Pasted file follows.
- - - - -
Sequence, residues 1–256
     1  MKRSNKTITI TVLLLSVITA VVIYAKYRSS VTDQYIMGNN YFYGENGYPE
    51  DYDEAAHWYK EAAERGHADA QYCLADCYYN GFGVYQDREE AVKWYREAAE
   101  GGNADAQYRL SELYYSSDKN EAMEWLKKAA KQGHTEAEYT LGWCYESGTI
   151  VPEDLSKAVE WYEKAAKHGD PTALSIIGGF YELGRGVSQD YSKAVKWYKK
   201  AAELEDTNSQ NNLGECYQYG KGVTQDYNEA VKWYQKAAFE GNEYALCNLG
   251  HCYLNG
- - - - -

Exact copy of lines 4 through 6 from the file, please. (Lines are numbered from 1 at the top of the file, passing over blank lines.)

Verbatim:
   101  GGNADAQYRL SELYYSSDKN EAMEWLKKAA KQGHTEAEYT LGWCYESGTI
   151  VPEDLSKAVE WYEKAAKHGD PTALSIIGGF YELGRGVSQD YSKAVKWYKK
   201  AAELEDTNSQ NNLGECYQYG KGVTQDYNEA VKWYQKAAFE GNEYALCNLG